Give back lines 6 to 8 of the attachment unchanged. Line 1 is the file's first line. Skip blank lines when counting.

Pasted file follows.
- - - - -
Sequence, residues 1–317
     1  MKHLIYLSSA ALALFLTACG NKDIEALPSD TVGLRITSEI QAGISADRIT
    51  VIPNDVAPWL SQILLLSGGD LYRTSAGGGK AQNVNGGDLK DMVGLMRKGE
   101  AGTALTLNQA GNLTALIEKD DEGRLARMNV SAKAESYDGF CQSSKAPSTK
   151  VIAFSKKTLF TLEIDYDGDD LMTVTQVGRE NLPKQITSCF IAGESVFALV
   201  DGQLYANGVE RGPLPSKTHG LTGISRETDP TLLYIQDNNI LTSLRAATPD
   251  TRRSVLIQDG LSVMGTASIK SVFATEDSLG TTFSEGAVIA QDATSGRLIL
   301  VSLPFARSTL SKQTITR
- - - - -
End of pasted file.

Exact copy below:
   201  DGQLYANGVE RGPLPSKTHG LTGISRETDP TLLYIQDNNI LTSLRAATPD
   251  TRRSVLIQDG LSVMGTASIK SVFATEDSLG TTFSEGAVIA QDATSGRLIL
   301  VSLPFARSTL SKQTITR